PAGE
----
Scrum is not designed to provide certainty about the future. People who use Scrum are making a decision that they value other things. If you want to know with any degree of precision what will get done a month from now, or six months from now, that is fine but then Scrum is not for you.

Continuing in the series of How to Mess Up Scrum!

Last time I explained how adding work in the middle of the sprint wrecks the rhythm of the team and undermines the concept of setting priorities.

Long story short, if you’re management and your highest-priority requirements repeatedly become visible to you in a shorter time frame than the length of a sprint, your sprints are too long! Finally, if you can’t make your sprints short enough to accommodate changes that are truly of the highest priority… then Scrum is not for you.

But let me talk about another great way to mess up Scrum, if that’s what you insist on doing.

Predictive Scrum

Continue reading “How to mess up Scrum, Part 2”

How to mess up Scrum, Part 1

If you have to add stories during a sprint, the problem isn’t Scrum or its rules. The problem is that your management can’t think a week ahead. FIX THAT.

I was just reading that 83% of software developers responding to a survey are practicing some form of Agile. Probably, most of those are trying to practice Scrum.

First thing, that’s probably wrong. Dividing all your work into “sprints” and having a daily standup meeting isn’t what Scrum is about, but that’s exactly what I see in the actual industry over and over again.

But rolling with that for a minute, let me talk about one specific thing that you should never do in Scrum…
Continue reading “How to mess up Scrum, Part 1”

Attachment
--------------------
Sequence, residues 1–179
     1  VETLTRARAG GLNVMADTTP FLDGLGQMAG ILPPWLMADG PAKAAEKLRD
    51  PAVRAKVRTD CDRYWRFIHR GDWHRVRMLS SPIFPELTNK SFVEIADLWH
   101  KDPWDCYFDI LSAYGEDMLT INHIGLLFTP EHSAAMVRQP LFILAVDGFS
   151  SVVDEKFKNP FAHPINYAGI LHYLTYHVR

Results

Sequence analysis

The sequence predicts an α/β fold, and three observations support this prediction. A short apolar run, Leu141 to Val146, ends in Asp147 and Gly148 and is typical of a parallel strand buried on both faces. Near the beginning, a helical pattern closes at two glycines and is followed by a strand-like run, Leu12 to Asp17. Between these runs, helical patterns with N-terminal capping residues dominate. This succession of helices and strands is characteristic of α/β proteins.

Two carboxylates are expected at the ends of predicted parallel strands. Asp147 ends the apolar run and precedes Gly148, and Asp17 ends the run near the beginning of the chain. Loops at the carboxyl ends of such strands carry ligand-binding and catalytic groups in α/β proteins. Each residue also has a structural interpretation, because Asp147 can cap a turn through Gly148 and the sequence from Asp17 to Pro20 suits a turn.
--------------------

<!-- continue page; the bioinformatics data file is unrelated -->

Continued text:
Agile Excellence, Part 1

One narrative of a successful Scrum sprint. This really demonstrates how most big organizations are getting value out of Agile methodologies.

So there I was, slogging away on some .NET code at a largish enterprise that was “really into Agile, we’ve been doing Scrum for like three years now!” We were a week into the current three-week sprint.

At that morning’s standup, we’d gone around the table as usual. Jon said he was taking the refactoring story on the WCF middle tier. Ellen, who I think was Scrum Master of some other team, assigned me the task of resolving an exception that was being thrown by client-side code. Jeff said he couldn’t package the database changes because there simply wasn’t anywhere to check them into TFS (version control). I had code checked out, modified, and working to implement a feature in an upcoming release; but I was holding off on checking it back in because, per the team lead’s policy, we can’t have more than one branch “because people keep doing it wrong.”

That afternoon, the team lead’s boss came around and called a quick meeting.

Phase I, he said, was running late and he wanted to know why. And furthermore, when was Phase II of the project going to get done?

Ellen said she had all our burn-downs and they checked out, as everyone had burned down approximately forty hours. She had also added up all the estimates for the stories that were going into Phase II, and they came out to 990 hours, and since we had six team members Phase II should be done in four weeks. In fact, she said, we could put all of Phase II into the next sprint, which would give us just one week of carry-over.

Okay, that’s good, said the boss–but when can we start testing the current release, the Phase I release?

That’s when the team lead told everyone we don’t really have a deploy script for the test server, and there’s not really a production server at all. It can take IT a while to provision the new production server, he went on, but in the meantime we can host the production system on a spare Windows 2003 server. Jeff pointed out that Windows 2003 won’t run .NET 4.5 applications, so we’d have to retool the application to .NET 4.0. He agreed, though, that it wasn’t worth doing until after QA finished testing the current code.